How Do You Choose the Tomato Plant for You?

— Written By and last updated by JoAnne Gryder

tomato plantsSome of the local master gardeners requested that I do an article on growing tomatoes. On the surface, it sounds like an easy chore since tomatoes are a favorite in local gardens. However if you look at the seed catalogs with so many varieties available, just picking a variety can be a chore.

The first two large groups of tomatoes can be divided into determinate and indeterminate. Determinate varieties are also called bush tomatoes, and bear their tomatoes over a couple of weeks and then die. Indeterminate varieties, or vine tomatoes, grow and bear fruit throughout the season and are eventually killed by frosts.

Other categories of tomatoes include heirloom and hybrid cultivars. Heirlooms like Cherokee Purple and Mortgage Lifter are regaining their popularity because of their unique flavors that may have been lost in newer cultivars. Hybrid varieties are genetic crosses between two different varieties and are developed for disease resistance or some other special feature.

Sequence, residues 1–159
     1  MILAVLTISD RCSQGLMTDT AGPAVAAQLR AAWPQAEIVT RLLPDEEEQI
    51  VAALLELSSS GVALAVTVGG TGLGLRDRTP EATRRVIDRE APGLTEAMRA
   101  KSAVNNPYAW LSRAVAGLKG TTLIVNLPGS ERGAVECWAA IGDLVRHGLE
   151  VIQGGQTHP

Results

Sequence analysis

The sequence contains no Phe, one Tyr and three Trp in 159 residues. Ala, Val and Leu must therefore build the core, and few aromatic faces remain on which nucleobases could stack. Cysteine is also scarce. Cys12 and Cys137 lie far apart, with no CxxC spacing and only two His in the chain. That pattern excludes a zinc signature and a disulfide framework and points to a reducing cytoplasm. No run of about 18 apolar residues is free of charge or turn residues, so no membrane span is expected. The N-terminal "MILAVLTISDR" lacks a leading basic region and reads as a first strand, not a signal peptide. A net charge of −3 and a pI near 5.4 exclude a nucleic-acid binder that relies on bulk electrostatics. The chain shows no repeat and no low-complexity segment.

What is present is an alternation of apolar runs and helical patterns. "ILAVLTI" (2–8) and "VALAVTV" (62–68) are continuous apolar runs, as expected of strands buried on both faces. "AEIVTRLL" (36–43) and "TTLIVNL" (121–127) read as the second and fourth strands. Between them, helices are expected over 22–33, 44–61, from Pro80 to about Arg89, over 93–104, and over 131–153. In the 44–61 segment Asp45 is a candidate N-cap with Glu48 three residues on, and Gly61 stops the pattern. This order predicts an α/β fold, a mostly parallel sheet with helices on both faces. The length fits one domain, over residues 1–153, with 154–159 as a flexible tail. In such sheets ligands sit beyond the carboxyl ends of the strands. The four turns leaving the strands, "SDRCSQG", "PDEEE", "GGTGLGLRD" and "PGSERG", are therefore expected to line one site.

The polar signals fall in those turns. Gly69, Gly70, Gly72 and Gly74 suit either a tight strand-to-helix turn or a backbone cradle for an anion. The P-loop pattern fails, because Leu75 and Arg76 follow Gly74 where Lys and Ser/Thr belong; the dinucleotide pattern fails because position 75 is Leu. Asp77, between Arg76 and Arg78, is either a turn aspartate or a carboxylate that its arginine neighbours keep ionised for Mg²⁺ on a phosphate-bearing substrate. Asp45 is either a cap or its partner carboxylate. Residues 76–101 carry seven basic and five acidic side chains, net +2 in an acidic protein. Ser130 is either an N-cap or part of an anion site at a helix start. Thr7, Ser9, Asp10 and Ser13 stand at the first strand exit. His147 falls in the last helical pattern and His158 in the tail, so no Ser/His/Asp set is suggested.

The problem with many heirloom varieties is that they do not have much disease resistance. Last year was particularly bad for tomatoes because of early and late blight. While many hybrids do have disease resistance, the seeds cannot be saved and planted the next year because they will not be true to type.

Other categories of tomatoes are based upon color, size and shape. Along with the standard reds, you also have purple, yellow, white, orange, green, pink, and yellow. As far as the size is concerned, you have the beefsteak, cherry, grape, and plums – just to name a few. Tomatoes range in shapes from large strawberries, called oxhearts, to egg shaped romas.

Ultimately the choice of a tomato variety is a matter of taste. If you are a tomato lover, you have quite a few choices and picking a favorite may not be easy, so you may want to plant a variety of tomatoes.

Written By

Photo of Bill Hanlin, N.C. Cooperative ExtensionDr. Bill HanlinHorticulture Assistant (336) 651-7333 william_hanlin@ncsu.eduWilkes County, North Carolina
Posted on Apr 29, 2014
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